What trends will shape the kitchen of the future?
The kitchen is the heart of the home. It’s the place that brings everyone together at both the start and the end of the day. This certainly rings true in U.S. households where people at home spend up to 60 percent of their time in the kitchen.
Recent surveys show that most Americans no longer like to cook as much as they used to because of lack of time, the skills, and the talent Our busy lifestyles require convenience in nearly everything, including food preparation, and companies are catching on. The growing need for convenience is shaping the kitchens of the future.
New inventions allow people to cook complete meals in a single appliance in just a few minutes. Imagine cooking raw proteins, fresh vegetables, dry starches, and chef-designed sauces into one perfectly cooked, restaurant quality meal. People also want to be connected. According to one survey, 73 percent of home cooks use a smartphone or tablet in the kitchen to assist with choosing a recipe, preparation, and cooking.
New services that deliver home cooked meals to your door have sprung up across the country, due in large part to the pandemic. With one company, you can give them back the special crockery the food was packed in so there is no waste for the landfill and total convenience to the homeowner.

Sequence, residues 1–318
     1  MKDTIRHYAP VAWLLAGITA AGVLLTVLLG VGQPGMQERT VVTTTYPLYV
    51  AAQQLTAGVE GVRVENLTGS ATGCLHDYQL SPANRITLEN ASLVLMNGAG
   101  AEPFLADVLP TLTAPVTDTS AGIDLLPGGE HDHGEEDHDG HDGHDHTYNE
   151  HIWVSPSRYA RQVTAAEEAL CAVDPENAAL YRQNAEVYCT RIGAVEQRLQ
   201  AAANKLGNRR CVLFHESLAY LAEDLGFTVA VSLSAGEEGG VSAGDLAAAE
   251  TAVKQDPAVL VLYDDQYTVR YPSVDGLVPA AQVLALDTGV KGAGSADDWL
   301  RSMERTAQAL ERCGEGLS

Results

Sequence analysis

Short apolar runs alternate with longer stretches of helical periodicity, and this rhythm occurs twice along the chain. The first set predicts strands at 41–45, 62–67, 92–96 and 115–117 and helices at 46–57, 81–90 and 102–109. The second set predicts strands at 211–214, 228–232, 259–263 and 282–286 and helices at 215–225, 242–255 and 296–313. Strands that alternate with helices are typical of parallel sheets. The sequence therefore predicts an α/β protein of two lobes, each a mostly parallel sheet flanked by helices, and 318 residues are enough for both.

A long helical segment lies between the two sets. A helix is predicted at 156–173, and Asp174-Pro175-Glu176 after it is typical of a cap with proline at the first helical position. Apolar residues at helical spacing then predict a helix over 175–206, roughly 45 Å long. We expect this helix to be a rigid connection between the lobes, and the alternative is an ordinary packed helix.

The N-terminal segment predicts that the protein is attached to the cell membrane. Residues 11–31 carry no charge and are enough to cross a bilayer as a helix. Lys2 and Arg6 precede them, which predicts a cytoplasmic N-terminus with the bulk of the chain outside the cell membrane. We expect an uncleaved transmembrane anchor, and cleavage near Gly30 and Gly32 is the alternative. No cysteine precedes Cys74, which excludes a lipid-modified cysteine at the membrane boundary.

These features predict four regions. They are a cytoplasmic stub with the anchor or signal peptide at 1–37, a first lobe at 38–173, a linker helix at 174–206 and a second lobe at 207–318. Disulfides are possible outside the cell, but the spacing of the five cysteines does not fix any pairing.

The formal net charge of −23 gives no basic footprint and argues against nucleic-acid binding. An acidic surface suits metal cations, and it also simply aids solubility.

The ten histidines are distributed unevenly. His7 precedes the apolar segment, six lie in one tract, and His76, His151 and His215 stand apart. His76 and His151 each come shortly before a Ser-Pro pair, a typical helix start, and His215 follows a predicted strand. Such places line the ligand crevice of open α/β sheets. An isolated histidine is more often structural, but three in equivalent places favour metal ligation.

The Dialog oven is another invention that is a combination low-frequency microwave oven, convection oven, and radiant oven all connected to a computer. It allows you to cook different things at different temperatures, all at the same time. Appliance manufacturers are constantly looking for ways to make cooking convenient and simple.
One company has developed sensors that can be embedded in appliances or containers, or in cabinets and countertops that can track the products we have in our pantries and help determine the freshness of the food in our refrigerators, and tell us new ways to prepare a meal, and let us know what foods might heal specific health concerns. Up to 25 million Americans suffer from gastrointestinal problems that might be better controlled by a diet change than by meds.
Companies have also invented smart countertops that can generate ideas on what to create. Simply place a lemon, dry pasta, butter, and cheese on a smart countertop, and a recipe pops up guiding the cook on tonight’s dinner.
The kitchen of the future continues to change, and it may morph into different formats according to the day of the week. Monday through Friday, it may be an organic vending machine used to reheat food delivered by external services, while on the weekend, it becomes a space for meal prep and cooking.